Open banking takes a meaningful but ultimately intermediate step toward solving this visibility dilemma. But embedded banking is better 😉. With open banking (via an AISP license / Account Information Service Provider), companies can use their banking provider’s exposed APIs to gain visibility into account activity. This view can then be integrated into the cash flow management product and brought to market. So far, so good. But traditional banks don’t always work with and integrate APIs in an optimal way, and more importantly, the payment orchestration open banking provides has serious limitations.

With Open Banking, bulk transfers aren’t possible, companies can’t make use of SEPA rails (so they have to connect to each individual bank they wish to transact with), and authentication is far less seamless and secure.

Embedded finance, to use the perhaps tired metaphor, kills two birds with one stone. Payment orchestration and fund transfer can be neatly nestled into the product offering of nearly any financial management software. Embedded finance does not just make the movement of money itself more optimized. It also touches on working capital and cash flow visibility by linking up with these tools directly.

How embedded finance can help with financial intelligence

Embedded banking APIs allow those responsible for cash management to understand on a per-transaction and a per-vendor basis what’s coming in and what’s going out money-wise. Again, since the payment orchestration (either via card or SEPA transfer) is already integrated with the financial management software solution, data on what was paid, how much, for what, and so on is automatically pushed to the working capital management solution, potentially saving hours of manual labor and improving visibility.

In the current economic environment, carefully managing working capital and enabling transparency into how funds are moving in and out of the firm has taken on even more importance. With tighter runways and mandates of profitability, leaders need the strongest possible hold on their company’s financial situation, both in the present and into the future. Let’s take a look at a company that’s already taken advantage of embedded finance to quickly transition their offering into an all-in-one product suite!

Agicap offers seamless payments via Swan

Agicap built a killer core product and became a leading European cash flow management software. They then connected with Swan to quickly and easily embed banking accounts into their software. The result is an even better, much more efficient experience for their customers. Since Agicap’s software is now directly linked with payments, data is easily accessed and stored, boosting visibility and saving time.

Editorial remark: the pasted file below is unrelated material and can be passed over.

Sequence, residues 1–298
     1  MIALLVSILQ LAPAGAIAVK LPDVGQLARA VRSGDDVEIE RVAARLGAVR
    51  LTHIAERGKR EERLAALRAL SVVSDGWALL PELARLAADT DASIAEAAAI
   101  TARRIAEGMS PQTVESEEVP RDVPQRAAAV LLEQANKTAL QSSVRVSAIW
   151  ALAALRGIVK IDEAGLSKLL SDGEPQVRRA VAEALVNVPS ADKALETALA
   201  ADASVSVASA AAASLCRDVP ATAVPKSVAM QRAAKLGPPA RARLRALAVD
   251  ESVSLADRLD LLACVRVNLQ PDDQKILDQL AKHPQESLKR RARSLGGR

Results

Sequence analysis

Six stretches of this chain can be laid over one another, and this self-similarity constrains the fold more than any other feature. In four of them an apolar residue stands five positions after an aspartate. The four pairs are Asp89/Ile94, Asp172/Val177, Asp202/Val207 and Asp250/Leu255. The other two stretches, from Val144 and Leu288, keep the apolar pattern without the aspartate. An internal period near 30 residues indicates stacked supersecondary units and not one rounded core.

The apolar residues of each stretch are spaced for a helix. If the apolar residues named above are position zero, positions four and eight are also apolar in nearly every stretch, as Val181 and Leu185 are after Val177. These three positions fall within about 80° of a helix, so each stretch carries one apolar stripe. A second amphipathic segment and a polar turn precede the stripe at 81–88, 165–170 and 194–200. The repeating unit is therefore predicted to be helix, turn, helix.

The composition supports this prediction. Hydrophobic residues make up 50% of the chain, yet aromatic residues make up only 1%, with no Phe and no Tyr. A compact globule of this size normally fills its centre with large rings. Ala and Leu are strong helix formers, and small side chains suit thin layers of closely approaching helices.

Users can now pay vendors, organize supplier relationships, and visualize their cash flow situation, all in one place. And all those flows are seamlessly orchestrated by API!

Oh, the places you’ll go!

Leveraging the power of embedded finance is the key to covering all the bases of the financial management workflow for your customers. The transaction layer is handled by automating payments to vendors within the existing financial management solution, removing the painful process of communicating with partner banks and other stakeholders. Record keeping is covered, via the use of APIs to seamlessly update the business’ internal ledger with payments data powered by embedded finance tooling. Finally, users will enjoy more robust visibility into working capital and cash management needs, redefining financial intelligence for the next generation of data-driven companies.

These evolutions in tooling sum to a significant step forward for finance teams. Time spent on manual data entry and other repetitive tasks is slashed to near zero, which emancipates stakeholders to focus on high-value strategic work and thinking. The days of accounting being a business cost center are numbered in this embedded finance enabled world!

We’re still in the early days of embedded finance, so the future development of financial management promises to become even more robust. Embeddable banking features will multiply and improve — that’s exactly what we’re working on here at Swan! You can already integrate accounts with SEPA transfers and debit cards into your product, and update financial info in real-time with crucial and granular payments data. Updates like this make Banking-as-a-Service a revenue driver rather than a cost center.

If you are considering embedding payments into your offering, get in touch with one of our experts today to see how Swan can help.

Max Cutler
January 9, 2023